Harper College highlights student artwork during juried art exhibition

For most of the year, Harper College’s Art Exhibition Space displays exhibitions by artists who come to lecture and mentor Harper students as part of the visiting artist program. But, for a few weeks every spring, the students get to take over the gallery during the Student Juried Art Exhibition.

This free exhibition, which is open to the public, will display award-winning works by Harper’s student body through May 9 in Building C, Room C200, 1200 W. Algonquin Road, Palatine. The gallery is open from 9 a.m. to 4 p.m. Monday through Thursday.

Harper Professor Jason Peot, who has been the gallery’s director for 15 years, explained how the jury selection process works.

“About 10 years ago, we started a program where we bring back one of our visiting artists from the year to jury — one who’s already shown in our gallery,” Peot said. “It’s a nice connection for the students. The juror will be somebody that they’ve met. They’ve seen their work professionally and know they’re legit.”

The juror for this year is cross-disciplinary artist Angela Piehl, professor at the University of Wisconsin-Milwaukee, who explores topics in queer ecology, gender, and preconceived notions of nature and beauty. Piehl will choose pieces to be awarded a Best of Show in 3D and a Best of Show in 2D at the exhibition. A Presidential Award will be granted by Dr. Avis Proctor, president of Harper College, and several awards will be given out by Harper’s Art Department faculty.

“It’s pretty highly selective,” Peot explained. “We get about 150 submissions and the gallery only holds about 20 to 25 pieces. Only some of the best work will be displayed.”

While receiving an award is prestigious, Peot emphasized that the Student Juried Art Exhibition and the gallery space are key components of a larger educational calling to encourage students to craft their own portfolios and jump-start their professional art careers.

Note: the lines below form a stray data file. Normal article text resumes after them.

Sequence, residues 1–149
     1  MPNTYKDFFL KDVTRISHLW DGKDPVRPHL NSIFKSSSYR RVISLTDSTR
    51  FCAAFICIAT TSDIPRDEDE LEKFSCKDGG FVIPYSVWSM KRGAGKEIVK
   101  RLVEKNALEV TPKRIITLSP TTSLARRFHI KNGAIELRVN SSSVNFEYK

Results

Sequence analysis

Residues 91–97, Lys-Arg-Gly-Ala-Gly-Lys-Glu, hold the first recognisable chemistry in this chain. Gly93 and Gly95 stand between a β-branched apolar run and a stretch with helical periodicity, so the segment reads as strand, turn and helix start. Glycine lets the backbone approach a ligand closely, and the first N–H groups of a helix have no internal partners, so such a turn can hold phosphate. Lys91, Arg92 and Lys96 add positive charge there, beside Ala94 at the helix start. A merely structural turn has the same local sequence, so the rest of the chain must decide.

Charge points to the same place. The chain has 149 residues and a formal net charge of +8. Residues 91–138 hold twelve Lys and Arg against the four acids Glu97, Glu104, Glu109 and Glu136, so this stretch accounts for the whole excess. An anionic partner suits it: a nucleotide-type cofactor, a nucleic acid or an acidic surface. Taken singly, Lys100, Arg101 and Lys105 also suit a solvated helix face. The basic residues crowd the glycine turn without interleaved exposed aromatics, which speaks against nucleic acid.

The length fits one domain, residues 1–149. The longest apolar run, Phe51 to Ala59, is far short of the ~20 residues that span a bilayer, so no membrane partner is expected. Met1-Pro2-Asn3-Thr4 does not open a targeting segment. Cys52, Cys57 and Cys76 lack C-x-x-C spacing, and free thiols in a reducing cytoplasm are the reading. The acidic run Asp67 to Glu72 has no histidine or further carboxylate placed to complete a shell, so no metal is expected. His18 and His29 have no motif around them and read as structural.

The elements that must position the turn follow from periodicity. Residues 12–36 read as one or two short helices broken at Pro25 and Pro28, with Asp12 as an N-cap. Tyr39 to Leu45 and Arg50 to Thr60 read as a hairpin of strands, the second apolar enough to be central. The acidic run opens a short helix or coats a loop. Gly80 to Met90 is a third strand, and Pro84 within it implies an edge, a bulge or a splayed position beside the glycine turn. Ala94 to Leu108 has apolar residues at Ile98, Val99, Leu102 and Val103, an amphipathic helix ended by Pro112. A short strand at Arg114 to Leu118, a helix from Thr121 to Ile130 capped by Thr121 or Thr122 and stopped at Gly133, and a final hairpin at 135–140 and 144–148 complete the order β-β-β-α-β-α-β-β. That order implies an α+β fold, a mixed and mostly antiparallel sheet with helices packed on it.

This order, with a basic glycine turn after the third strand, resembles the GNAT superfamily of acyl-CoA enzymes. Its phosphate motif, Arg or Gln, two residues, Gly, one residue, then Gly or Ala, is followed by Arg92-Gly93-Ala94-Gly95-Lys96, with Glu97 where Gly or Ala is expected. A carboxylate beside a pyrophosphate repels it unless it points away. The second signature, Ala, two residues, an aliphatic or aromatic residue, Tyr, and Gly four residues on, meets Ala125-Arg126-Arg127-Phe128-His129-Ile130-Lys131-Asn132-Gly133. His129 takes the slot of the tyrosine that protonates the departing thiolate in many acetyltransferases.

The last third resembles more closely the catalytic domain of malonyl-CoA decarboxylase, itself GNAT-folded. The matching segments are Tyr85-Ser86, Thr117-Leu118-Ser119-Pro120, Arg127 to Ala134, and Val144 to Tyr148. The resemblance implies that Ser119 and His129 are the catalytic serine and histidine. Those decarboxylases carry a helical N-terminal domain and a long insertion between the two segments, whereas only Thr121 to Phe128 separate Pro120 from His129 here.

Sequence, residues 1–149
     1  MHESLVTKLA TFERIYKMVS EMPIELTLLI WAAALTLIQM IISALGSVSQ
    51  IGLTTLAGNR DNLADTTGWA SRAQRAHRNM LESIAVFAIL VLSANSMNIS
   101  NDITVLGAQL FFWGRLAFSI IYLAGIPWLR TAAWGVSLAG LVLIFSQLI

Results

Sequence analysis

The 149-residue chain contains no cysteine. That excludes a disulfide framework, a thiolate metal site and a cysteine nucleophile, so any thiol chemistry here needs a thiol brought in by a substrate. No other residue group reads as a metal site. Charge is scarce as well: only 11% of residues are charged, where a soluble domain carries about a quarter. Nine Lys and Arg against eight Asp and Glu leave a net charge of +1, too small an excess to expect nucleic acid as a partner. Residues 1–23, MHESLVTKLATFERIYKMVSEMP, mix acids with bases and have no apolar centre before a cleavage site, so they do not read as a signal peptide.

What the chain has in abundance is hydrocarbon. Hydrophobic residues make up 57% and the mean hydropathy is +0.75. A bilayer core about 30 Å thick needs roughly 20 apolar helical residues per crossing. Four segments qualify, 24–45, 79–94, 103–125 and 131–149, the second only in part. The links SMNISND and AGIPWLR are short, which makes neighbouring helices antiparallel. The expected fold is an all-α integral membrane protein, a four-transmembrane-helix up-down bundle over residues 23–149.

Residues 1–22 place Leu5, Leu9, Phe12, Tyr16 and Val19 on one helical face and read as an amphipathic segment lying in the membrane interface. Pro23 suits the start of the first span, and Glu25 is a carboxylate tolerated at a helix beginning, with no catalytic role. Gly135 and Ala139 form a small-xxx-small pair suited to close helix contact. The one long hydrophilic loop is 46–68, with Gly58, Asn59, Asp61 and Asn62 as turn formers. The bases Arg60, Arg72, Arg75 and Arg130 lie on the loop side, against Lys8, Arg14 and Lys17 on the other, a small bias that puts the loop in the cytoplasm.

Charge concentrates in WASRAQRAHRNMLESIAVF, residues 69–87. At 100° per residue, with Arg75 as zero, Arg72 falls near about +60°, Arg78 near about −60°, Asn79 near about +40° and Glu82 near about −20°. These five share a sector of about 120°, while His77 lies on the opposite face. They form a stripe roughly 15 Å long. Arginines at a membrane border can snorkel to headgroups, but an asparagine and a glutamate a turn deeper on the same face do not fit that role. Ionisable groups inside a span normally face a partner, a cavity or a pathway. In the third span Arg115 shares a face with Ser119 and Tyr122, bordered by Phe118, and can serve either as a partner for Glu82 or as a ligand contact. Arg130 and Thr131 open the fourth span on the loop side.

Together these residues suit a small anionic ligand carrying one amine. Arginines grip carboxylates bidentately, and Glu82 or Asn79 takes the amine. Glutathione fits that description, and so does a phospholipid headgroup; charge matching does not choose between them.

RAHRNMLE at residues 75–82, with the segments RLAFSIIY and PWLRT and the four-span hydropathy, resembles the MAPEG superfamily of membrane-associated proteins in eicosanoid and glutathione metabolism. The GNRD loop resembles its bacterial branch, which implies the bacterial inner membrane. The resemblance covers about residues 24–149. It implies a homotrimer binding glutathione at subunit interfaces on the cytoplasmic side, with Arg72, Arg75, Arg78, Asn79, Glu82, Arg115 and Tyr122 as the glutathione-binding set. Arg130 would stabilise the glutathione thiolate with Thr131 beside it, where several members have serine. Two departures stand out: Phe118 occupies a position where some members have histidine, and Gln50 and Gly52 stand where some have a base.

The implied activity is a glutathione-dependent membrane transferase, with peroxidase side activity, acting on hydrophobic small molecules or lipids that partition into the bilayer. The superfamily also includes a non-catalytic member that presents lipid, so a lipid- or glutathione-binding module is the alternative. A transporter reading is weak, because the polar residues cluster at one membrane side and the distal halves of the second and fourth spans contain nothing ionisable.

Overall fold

“All of this is to help students build a resume. And to have an exhibition record, as a young artist, is a great resume line for their transfer portfolio,” Peot said. “That’s really the point of all this. It’s not just for decoration. It’s important to have their work just be seen.”

One of those students is Cat Reddington, 22, who said he was a bit hesitant to submit an original piece to the exhibition. With the insistence of his painting instructors, Perry Pollock and William Blake, he decided to go for it.

“Both of my professors were like, you gotta do it,” Cat said, “you gotta do it, even if you hate it.”

Cat, from Palatine, graduated from Harper with an Associate of Fine Arts degree. While making plans to apply to a digital art program at Arizona State University, he is taking several art classes at Harper. After painting a self-portrait in bravura style for class, Cat felt ready to make a submission.

“The assignment was honestly like a dream, because it felt so natural. I think the whole painting took just under nine hours,” Cat said. “The piece reflects my tendency to be a little bit weird, but also my love for nature and birds.”

Cat’s portrait was awarded a spot in the exhibition and is displayed alongside other students’ work. This is the first time one of his pieces will be in the public eye.

“I’ve always been a little bit nervous about showing off, so to speak. So, the idea of my art being seen by a bunch of people, it does freak me out a little bit,” Cat said. “It’s so important to be confident in yourself. You don’t have to be a perfectionist, and every professor I’ve had at Harper has taught me this. You’ll be able to go further in your art.”

This year’s exhibition serves as a milestone for Cat and other artists whose work has been included. Yet the importance of the show goes beyond being selected. Peot shared a favorite story of two students who met artist Katie Bell at Harper’s gallery and ended up helping her install a sculpture piece for an entire week.

“Three years later the students went on to transfer and were working at a university art museum as receptionists,” Peot recalled. “And when the director went through a list of names, and mentioned there would be a special visiting artist that year, Katie Bell, everyone was super shocked when the two undergrads raised their hands and said, ‘Oh! We know her!’”

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